Thirdly, that thy guardes be of lesse value than the pieces he assaileth withall, for then if either he or you begin to take you shall gaine something, if you finde you cannot well guard your piece, see whether you can advance some piece of yours in guard to take a better piece for so you may many times save your endanger'd piece.
     Fourthly, never change piece for piece untill you get the advantage either by taking a Pawne or Noble man of his for nothing, or disordering a Pawne or two of his which is of very materiall consequence.
     Fifthly, take great heed that you doe not choak up your own passage from advancing your men, and retiring on all occasions, but indeavour by all meanes to take that liberty from your adversary.
     Sixthly, never play any man untill you have examined whether you your selfe are free from danger, and to that end upon every remove of your adversary, consider of what consequence the advancing and retreating of your adversary may prove, and indeavour (if it may be hurtfull) to prevent it before it be too late.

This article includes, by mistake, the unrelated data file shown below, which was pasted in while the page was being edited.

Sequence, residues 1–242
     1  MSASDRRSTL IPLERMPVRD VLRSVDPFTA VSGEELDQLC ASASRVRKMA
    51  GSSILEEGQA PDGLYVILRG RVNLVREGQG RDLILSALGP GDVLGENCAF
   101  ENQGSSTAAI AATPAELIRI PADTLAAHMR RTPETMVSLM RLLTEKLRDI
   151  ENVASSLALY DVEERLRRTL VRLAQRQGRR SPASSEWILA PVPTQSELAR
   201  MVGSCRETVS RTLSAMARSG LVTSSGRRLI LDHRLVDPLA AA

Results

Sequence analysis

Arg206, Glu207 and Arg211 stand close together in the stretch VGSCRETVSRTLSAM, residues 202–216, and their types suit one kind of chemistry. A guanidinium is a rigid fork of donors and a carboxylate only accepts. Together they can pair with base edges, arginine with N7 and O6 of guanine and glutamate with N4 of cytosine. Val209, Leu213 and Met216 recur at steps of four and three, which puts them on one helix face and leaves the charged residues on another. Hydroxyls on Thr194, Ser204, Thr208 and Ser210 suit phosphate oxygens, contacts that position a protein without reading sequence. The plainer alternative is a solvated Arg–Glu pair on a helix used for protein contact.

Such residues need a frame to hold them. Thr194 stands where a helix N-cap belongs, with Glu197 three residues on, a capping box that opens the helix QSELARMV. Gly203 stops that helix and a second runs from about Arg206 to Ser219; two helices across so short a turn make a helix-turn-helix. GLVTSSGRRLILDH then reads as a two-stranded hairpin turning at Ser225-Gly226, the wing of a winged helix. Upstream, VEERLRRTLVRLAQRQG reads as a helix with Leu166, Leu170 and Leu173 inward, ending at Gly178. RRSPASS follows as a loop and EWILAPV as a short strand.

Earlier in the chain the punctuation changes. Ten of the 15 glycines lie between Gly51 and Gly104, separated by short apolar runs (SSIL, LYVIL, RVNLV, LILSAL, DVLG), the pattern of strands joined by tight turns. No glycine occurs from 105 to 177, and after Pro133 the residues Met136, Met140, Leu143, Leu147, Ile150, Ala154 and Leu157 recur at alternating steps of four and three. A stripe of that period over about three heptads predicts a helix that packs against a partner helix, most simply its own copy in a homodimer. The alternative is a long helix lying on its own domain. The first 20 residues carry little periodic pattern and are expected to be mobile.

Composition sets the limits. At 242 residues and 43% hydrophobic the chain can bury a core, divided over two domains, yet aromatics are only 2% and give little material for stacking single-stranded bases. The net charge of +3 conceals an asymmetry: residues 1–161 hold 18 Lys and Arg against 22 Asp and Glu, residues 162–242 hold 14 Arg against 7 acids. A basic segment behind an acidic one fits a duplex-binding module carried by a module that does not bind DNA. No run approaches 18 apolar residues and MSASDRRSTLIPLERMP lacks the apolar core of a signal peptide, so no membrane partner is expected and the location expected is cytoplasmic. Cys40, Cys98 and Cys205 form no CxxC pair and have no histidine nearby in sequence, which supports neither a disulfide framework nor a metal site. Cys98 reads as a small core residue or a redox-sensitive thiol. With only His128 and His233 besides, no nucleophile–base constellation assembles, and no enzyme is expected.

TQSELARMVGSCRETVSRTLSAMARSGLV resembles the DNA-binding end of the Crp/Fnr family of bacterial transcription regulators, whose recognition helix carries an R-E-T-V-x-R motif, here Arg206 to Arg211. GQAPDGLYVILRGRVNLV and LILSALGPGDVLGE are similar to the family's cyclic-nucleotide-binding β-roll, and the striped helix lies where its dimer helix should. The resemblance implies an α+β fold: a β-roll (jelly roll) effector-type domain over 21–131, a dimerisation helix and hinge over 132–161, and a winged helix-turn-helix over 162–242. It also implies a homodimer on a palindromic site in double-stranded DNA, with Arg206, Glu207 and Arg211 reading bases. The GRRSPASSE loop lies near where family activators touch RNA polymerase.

Seventhly, consider the maine designe of the game, which is as suddenly as can be to give check mate, that is as I said before, so to check the adversary King, as that he can neither take the piece checking, because it is guarded, not cause it to be taken, nor cover the check, nor remove out of check, which may be done severall wayes, so that sometimes by the losse of one or two of your great men, yea, sometimes of your Queen you may give an unexpected mate, as you may often observe in the following Gambetts : I shall therefore omit to discover unto you the manner of the surprizing the Rookes or a queen, or the making a new Queen, of which you shall have plentifull examples in the Gambetts.
     Lastly, never let your Queen stand so before your King, as that your adversary may bring a Rooke or Bishop to check your King if she were not there, for then you will hardly be able to save your Queen, nor let his Knight come so safely, that he cannot be taken up to check your Queen and King or your Rooke, and King at one time, for then you will loose your Queen or Rooke, since the King must be forced to remove out of check.

     Greco goes on to mention that a stalemate is a win for the player who is stalemated, and describes something called a "Blind Mate."